When bleeding brakes after the system has been opened for service (you didn't say if you were doing any work on the master cylinder) you should start with the farthest wheel away from the master cylinder, which is the righ rear. Fill the master cylinder, then have an assitant "pump up" the brake pedal. Tell them to hold it down firmly, then open the bleeder on the wheel cylinder(s). Do not release the brake pedal until you have closed the bleeder valve again. You'll know when the air is out - there won't be any more bubbles. Since this vehicle is 2001, this would be a great opportunity to flush the system. Just make sure you have enough brake fluid (DOT 3 or 4, depending on your vehicle). Good luck!
Posted on Mar 15, 2009
SOURCE: spongy brakes after bleeding
If the brakes are spongy, THERE IS STILL AIR IN THE SYSTEM. Bleed brakes again, and a 3rd time if necessary. If you are MANUALLY bleeding, by having a helper pump up the brakes, make sure they hod the PEDAL DOWN till you close the bleeder valve, or you will **** back in more air. Start bleeding the brakes from FURTHEST WHEEL, which is usually R/R. Hope this helps
Posted on May 12, 2009
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Bleeding The Brake System Bleeding When any part of the hydraulic system has been disconnected for repair or replacement, air enters the lines causing spongy pedal action (because air can be compressed and brake fluid cannot). To correct this condition, it is necessary to bleed the hydraulic system to ensure all air is purged.
Always begin bleeding the brake system from the furthest wheel cylinder or caliper from the master cylinder; the right rear.
NOTE: The right side of the vehicle is the passenger side. The sides of the vehicle are determined from the driver's perspective. This reference is taken from sitting in the driver's seat, facing forward.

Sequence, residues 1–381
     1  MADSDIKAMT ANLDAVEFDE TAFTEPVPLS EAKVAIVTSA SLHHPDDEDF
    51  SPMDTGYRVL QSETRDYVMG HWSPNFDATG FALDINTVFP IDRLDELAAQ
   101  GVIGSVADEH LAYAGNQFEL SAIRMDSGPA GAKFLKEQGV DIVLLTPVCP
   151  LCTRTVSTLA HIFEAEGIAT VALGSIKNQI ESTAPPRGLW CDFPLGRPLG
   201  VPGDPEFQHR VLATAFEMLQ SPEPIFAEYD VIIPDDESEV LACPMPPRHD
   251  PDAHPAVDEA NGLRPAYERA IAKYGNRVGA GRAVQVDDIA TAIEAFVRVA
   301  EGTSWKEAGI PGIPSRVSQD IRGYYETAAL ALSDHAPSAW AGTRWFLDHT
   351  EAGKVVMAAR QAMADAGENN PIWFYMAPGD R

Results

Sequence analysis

Maintain a full reservoir during the bleeding operation. Never use brake fluid that has been drained from the hydraulic system, or from an open container, no matter how clean it is. Always use brake fluid from a new, sealed container. The front and rear reservoir will drain as the front or rear brakes are bled.
Posted on Jul 22, 2009
SOURCE: bleeding brake system how?
BLEED BRAKE SYSTEM
Make sure one end of the Jeep is raised (starting with the rear end) and secure on jack stands and the wheels on each side have been removed. If you have been working on the brakes, this should already be done.
Connect a clear rubber tube to the bleeder valve on the right rear brake caliper. Start with this end and side because it is farthest from the master cylinder.Place the tube's other end into a container partially filled with brake fluid.
Open the bleeder valve on the caliper and have an assistant press on the brake pedal inside the Jeep. Look for a mixture of air and fluid to come out of the valve. Once all the air is purged and the fluid runs cleanly from the valve, close the screw and remove the tube.
Repeat the process for all four brakes. Move to the left rear next, followed by the right front and the left front. If you need to, reconnect the Jeep's rear wheels and lower the rear end before raising the front end and removing those wheels.
Check the level of fluid in the master cylinder periodically as you bleed the brakes. If the level drops below the needed fill line, add more fluid. Use fresh fluid, not any that you have bled from the brakes.
Start the Jeep's engine after bleeding all the brakes and press on the brake pedal. You might need to do this repeatedly to seat new brake pads you just installed. Turn off the engine and hold down on the pedal. Bleed the brakes again if the pedal sink within 15 to 20 seconds.
Posted on Dec 21, 2009
One man suction bleeder from the calipers with top off the reservoir and keep it full when you **** fluid out the caliper.
Posted on Apr 29, 2010